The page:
The Pragmatica-Lung Study uses broad inclusion criteria. Researchers will focus on overall survival. Overall survival is easily measured, which means the protocol won’t require imaging, labs, tissue collection, or patient-reported outcome instruments. By minimizing data collection, trial designers have reduced burdens both on patients and clinicians.

“These trials will make it easier for physicians who do not work in big academic medical centers to enroll their patients, resulting in participation by more diverse populations,” said the NCI’s James H. Doroshow, M.D., in a press release about the study. “Making trials more accessible, while upholding rigorous scientific and safety standards, means that more health care practitioners and patients will have an opportunity to participate.”

We believe the Pragmatica-Lung Study and similar studies can serve as models for future pragmatic trials. And while we are optimistic about the future of PCTs, roundtable participants also discussed the challenges we face. Perhaps most significantly, we must create research environments that attract a diverse group of patients. We will need expanded regulatory guidance on pragmatic designs. To facilitate data exchange, we’ll need greater compatibility among EHR platforms, which are at the core of clinic-based studies. We must also find ways to incentivize sponsors to launch PCTs as we support the clinicians who drive them.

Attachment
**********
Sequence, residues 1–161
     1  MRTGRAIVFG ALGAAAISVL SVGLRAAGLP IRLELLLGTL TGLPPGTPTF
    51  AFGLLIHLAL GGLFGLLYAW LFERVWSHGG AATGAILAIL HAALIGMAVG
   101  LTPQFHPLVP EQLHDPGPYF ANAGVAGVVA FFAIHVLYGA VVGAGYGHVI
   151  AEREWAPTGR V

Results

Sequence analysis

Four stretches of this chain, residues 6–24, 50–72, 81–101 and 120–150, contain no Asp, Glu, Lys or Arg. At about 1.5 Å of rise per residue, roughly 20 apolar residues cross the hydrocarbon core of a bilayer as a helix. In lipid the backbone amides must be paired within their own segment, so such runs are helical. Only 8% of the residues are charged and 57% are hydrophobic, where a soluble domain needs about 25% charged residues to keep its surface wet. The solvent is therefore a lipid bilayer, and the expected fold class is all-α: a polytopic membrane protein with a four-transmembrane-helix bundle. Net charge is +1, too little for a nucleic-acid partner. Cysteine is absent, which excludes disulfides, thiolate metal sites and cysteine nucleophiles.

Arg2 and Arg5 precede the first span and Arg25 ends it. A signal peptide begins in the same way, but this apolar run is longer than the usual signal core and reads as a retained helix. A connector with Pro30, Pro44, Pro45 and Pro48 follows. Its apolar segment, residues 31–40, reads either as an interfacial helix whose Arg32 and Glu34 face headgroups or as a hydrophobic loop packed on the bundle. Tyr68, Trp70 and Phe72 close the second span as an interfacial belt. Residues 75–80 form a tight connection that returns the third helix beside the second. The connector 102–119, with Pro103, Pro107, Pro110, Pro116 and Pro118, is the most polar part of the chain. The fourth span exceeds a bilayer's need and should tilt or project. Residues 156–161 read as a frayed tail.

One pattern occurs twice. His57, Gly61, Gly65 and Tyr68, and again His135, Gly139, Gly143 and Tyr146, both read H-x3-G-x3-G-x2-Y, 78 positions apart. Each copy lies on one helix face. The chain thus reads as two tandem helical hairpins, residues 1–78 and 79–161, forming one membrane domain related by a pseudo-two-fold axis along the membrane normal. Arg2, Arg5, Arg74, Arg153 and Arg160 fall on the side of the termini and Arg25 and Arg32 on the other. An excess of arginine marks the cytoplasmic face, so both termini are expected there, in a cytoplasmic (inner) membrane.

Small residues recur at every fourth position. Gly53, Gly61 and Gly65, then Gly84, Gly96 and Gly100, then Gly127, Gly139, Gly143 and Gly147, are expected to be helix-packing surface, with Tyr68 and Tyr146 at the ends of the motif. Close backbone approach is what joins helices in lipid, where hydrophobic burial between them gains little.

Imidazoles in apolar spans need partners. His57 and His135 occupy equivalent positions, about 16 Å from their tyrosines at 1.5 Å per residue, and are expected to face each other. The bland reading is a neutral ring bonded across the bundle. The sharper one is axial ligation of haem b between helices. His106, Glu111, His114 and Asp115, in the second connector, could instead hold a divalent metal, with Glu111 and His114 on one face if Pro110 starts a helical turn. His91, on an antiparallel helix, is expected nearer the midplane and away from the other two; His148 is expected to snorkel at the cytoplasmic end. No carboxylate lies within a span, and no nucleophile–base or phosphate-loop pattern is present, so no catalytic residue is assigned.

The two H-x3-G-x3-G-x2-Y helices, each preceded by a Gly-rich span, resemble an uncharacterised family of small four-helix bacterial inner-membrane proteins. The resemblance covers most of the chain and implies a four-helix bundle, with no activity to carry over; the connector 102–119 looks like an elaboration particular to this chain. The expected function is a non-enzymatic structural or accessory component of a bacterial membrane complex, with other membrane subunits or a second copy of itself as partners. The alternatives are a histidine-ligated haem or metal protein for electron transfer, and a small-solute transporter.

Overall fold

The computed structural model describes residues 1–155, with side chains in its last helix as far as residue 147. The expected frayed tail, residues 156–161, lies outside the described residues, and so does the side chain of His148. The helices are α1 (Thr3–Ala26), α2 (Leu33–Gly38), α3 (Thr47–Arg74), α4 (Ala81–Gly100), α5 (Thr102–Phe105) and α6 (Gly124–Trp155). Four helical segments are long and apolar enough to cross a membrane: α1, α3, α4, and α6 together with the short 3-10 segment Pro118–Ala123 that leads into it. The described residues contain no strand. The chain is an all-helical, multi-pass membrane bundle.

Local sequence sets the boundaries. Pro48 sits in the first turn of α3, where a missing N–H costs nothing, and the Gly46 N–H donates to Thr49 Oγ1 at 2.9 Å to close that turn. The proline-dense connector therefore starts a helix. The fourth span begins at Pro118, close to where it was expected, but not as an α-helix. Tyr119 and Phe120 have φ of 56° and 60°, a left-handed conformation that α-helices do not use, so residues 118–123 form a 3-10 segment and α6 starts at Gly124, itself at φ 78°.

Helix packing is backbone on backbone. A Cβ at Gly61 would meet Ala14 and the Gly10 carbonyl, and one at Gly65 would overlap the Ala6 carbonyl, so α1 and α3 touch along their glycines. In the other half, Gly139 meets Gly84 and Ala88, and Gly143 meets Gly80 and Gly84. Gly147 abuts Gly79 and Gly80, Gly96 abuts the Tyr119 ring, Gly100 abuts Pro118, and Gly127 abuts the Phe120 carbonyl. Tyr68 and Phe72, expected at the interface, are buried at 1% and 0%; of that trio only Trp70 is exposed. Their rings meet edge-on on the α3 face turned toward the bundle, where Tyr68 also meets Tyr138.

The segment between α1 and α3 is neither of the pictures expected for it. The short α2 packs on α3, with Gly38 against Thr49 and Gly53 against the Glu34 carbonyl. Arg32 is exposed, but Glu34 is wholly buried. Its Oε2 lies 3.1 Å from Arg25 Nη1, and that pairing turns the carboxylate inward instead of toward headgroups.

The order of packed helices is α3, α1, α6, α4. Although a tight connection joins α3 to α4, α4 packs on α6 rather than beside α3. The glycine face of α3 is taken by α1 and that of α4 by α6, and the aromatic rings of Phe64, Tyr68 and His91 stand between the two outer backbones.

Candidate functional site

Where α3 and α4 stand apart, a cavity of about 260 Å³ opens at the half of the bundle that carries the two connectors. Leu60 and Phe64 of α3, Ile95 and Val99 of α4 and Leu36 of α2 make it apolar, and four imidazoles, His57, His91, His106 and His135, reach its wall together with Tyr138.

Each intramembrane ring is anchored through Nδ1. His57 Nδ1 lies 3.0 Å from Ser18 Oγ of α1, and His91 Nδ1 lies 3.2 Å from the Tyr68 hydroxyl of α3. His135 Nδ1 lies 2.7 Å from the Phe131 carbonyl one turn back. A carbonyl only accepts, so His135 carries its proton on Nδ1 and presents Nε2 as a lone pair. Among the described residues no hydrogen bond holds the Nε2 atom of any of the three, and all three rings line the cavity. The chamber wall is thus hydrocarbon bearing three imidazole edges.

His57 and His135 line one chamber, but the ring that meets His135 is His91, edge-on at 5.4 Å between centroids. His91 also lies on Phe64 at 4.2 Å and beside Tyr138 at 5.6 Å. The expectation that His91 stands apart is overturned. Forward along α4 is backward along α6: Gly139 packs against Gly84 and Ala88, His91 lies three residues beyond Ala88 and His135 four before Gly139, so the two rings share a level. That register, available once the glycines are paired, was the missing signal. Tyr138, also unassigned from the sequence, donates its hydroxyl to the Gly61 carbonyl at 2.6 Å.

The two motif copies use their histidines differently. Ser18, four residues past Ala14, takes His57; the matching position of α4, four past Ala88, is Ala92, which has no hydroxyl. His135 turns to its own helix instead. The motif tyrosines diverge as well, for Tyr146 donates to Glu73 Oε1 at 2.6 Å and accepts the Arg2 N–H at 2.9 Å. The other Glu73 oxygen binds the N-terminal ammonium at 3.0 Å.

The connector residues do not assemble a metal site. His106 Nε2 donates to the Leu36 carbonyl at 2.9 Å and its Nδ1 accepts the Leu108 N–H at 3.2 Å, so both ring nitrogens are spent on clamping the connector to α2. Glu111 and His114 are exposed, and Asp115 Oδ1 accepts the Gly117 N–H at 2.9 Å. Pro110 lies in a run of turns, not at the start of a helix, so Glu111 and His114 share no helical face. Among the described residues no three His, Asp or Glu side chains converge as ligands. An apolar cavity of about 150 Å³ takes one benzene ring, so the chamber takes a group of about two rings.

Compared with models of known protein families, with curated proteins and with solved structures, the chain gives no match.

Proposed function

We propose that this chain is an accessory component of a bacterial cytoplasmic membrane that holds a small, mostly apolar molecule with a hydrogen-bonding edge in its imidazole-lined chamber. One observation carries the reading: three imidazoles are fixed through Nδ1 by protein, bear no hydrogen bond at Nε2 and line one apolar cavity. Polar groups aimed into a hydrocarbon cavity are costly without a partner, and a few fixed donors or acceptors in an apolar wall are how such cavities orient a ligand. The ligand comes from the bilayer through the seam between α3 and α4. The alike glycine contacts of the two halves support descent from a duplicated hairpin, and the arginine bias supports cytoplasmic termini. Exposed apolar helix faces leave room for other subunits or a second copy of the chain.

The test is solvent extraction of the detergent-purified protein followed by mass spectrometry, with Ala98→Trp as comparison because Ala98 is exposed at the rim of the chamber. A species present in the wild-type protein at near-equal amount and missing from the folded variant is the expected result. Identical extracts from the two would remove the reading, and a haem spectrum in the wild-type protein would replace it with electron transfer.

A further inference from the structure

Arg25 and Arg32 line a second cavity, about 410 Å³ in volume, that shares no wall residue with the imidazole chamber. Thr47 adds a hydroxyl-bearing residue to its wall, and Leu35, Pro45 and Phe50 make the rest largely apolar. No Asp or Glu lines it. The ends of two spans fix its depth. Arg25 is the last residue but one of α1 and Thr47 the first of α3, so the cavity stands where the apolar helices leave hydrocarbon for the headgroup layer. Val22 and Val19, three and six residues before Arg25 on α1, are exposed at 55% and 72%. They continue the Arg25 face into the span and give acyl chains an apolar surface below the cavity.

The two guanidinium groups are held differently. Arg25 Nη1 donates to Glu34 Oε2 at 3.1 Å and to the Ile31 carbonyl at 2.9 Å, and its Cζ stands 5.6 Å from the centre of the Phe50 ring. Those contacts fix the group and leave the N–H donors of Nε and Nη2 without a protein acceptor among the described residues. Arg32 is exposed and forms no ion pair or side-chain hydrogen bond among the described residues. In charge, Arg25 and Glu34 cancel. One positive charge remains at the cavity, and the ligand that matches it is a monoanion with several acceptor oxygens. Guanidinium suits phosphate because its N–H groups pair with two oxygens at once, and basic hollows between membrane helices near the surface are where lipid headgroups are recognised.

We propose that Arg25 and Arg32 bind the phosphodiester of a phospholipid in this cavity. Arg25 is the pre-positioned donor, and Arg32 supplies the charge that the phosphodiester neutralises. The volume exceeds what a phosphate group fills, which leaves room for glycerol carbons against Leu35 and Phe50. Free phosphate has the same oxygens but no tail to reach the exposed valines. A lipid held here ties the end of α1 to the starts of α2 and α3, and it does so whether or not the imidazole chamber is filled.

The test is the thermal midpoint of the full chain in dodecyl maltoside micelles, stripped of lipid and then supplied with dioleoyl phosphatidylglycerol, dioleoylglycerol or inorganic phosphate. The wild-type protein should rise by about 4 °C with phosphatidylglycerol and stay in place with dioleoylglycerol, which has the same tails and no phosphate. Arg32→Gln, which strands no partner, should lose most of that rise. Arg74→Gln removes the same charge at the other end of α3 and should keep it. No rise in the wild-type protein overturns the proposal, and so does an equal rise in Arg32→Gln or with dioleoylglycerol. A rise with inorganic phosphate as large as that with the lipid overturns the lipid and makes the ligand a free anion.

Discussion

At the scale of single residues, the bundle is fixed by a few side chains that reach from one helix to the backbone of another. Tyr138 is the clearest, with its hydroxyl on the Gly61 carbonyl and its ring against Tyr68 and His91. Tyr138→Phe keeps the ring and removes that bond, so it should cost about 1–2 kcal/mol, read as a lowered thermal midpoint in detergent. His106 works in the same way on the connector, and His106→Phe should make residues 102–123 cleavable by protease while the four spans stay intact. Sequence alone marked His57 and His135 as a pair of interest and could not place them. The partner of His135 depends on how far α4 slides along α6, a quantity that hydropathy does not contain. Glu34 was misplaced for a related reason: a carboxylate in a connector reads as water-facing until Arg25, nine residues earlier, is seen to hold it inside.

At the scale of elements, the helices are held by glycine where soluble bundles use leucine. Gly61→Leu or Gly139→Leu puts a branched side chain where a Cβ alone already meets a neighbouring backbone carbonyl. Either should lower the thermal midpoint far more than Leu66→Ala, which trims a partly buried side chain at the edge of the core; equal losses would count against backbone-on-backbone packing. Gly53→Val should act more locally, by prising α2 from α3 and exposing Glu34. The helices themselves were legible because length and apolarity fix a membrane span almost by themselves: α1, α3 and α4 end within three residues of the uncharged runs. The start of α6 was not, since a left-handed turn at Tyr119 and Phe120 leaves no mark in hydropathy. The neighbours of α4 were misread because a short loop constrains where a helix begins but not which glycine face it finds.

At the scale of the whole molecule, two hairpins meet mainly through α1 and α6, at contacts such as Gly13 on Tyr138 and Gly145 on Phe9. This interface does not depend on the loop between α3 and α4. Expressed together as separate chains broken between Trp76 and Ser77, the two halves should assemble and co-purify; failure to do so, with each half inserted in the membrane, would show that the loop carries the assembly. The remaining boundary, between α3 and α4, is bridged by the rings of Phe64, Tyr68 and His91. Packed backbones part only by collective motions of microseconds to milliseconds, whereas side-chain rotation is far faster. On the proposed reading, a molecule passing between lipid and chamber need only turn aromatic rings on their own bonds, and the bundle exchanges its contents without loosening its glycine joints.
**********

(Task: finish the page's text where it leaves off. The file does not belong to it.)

None of these issues have simple solutions. But within the clinical research community, Parexel is collaborating to advance pragmatic approaches. It was a privilege to participate in TransCelerate’s roundtable and I look forward to opportunities to further engage in discussion, building on the success of the Pragmatica-Lung Study and similar clinical trials.